I found it interesting that he matches my desire to do as much with the camera settings as possible, with little or no post-processing.

Many people - photographers - have told me that a tripod is an absolute must. It was refreshing to get the opposite attitude during that session in Death Valley, and I think I'll continue with my current non-tripod-use for a while longer. I've been resisting the purchase because I need to determine whether it will come with me on my bike; that will make a big difference when it comes to weight considerations. My one long lens has image stabilization, so it is perfectly usable without a tripod. But when I start to explore new photographic techniques, I know I will have more options available to me if I have a tripod. The problem? I know enough about my habits to suspect that I won't be happy with an entry-level tripod. Uh oh!

Sunrise at Zabriskie Point in Death Valley provided a concentrated gathering of photographers, another place to eye equipment, with plenty of time before the sun started its morning show to chat. That time gave me my first view of a graduated neutral density filter. I had recently become aware of these filters; what a great opportunity to talk with a photographer who uses one for almost all of his landscape photography.

Sometimes I think that I have big eyes...

I've been focusing more on composition than I have on the opportunities I have for making changes in how my images are caputured. My goal for the winter is not to buy things, but to have changing settings on my camera become second nature. Right now I need to think things through too much, which tells me I'm not playing enough. It's time to learn and absorb.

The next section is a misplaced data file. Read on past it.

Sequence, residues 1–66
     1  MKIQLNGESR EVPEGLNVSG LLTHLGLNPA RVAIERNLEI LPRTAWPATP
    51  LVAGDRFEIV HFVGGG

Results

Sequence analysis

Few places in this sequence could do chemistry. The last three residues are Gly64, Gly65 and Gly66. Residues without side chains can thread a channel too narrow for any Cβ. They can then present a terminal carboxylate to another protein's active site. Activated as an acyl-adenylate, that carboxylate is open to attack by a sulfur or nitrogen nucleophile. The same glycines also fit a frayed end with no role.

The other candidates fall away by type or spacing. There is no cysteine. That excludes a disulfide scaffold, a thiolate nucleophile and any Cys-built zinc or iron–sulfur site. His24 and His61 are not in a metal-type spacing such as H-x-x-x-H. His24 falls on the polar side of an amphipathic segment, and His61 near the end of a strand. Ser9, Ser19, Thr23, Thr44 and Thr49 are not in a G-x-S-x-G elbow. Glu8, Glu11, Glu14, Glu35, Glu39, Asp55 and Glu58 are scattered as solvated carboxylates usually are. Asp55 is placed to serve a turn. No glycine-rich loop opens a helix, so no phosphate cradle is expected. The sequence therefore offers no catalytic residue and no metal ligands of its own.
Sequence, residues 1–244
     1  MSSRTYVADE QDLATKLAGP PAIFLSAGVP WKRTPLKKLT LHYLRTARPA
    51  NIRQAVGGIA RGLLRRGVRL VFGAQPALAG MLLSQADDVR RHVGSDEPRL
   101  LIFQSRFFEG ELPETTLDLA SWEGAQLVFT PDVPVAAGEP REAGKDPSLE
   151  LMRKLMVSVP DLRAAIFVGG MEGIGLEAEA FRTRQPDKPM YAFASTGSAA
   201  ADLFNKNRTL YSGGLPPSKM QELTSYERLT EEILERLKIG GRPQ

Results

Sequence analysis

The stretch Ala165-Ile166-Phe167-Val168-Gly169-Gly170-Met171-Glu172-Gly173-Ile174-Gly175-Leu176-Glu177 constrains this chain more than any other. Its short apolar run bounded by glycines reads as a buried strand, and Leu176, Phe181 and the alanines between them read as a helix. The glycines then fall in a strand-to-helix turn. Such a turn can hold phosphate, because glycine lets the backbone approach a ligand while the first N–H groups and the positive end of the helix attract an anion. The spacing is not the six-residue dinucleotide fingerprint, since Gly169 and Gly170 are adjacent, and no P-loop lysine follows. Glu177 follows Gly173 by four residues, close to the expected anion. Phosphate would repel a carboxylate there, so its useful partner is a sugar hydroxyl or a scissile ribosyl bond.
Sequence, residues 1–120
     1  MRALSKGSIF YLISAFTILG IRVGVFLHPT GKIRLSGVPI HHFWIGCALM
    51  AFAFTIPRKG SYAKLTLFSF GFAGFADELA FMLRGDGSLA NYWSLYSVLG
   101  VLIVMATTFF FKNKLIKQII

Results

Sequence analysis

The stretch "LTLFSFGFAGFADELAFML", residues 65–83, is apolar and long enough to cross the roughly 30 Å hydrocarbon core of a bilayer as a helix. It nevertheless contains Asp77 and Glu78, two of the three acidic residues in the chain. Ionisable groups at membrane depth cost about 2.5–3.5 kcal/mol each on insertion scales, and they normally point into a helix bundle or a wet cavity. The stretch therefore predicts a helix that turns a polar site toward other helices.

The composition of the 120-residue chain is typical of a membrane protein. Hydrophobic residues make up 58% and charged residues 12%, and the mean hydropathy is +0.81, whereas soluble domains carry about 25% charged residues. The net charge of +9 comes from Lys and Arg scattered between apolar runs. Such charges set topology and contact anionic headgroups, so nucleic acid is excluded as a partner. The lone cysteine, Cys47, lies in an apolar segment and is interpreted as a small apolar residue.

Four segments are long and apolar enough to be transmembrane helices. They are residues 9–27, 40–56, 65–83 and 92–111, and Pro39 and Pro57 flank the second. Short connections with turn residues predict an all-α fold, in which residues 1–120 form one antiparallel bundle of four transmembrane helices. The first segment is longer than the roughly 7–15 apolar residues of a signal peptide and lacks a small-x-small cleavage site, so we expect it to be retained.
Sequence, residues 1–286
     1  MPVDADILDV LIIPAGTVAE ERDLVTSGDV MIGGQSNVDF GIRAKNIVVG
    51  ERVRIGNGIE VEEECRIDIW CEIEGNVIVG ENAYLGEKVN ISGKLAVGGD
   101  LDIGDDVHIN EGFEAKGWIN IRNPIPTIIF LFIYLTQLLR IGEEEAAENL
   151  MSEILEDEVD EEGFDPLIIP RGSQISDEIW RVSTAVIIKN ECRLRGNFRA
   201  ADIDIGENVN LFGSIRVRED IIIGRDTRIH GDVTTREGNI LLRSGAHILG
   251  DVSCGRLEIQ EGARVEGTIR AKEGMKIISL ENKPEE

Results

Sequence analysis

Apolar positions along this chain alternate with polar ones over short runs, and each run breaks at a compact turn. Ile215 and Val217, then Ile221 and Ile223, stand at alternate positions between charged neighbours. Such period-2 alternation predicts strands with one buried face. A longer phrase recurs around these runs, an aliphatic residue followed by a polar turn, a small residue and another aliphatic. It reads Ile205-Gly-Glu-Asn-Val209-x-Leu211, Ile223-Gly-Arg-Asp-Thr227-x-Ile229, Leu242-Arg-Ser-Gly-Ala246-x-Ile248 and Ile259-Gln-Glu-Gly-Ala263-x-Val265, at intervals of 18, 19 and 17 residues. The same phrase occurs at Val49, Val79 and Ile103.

I'm playing with my camera, experimenting, but I'm reading too.

This book, Understanding Exposure, looks to be a winner. It was written by Bryan Peterson, a photographer who speaks to all who walk with a camera in hand. It uses photos as examples, showing the same scene caught with different camera settings for what the author refers to as the "photographic triange": aperature, shutter speed and ISO.

I'm reading, and I'm playing with my camera. A happy exercise...

Monday, December 03, 2007

Starting early...

...gray, white, wet, cold, gray

Winter has made a first appearance. The solstice is still three weeks away, but the cold settled in last week, and a coating of white - several inches worth - greeted me this morning.

Funny, I'm quite happy when spring gets a jump on the equinox, but winter arriving early doesn't appeal. It just makes me think about how many weeks there will be until warmth creeps in again. Then again, the arrival of the winter solstice means that light will start to creep back in to the edges of the day. Yes, I'm well aware that the addition of one or two minutes of light each day won't jump out at me, won't be noticed for a number of weeks. I can hope, can't I?

Do you get the sense that with the cold and dark and potential icy precipitation, winter is not my favorite season? You're right, but I live in the northeast so I need to deal with it. My goal this year is to take advantage of the ice and snow of winter, to use it as an opportunity to improve the results of my camera play. A macro lens, snow and ice, now that sounds like it will be an interesting exercise.

Saturday, December 01, 2007


...can you hear the wind?

The sky was clear, the temperature cold, the wind was absolutely howling. And I was drawn to the coast to satisfy a walking desire.

The ocean was quiet, but the wind was blowing waves across the water - ponds and inlets - on the land side of the road. It was 22 degrees when I popped out of my car, cold, colder than cold with the addition of the strong wind. It was a good walk, shorter than I wanted due to the temperature and the wind, but still a good opportunity to clear my mind.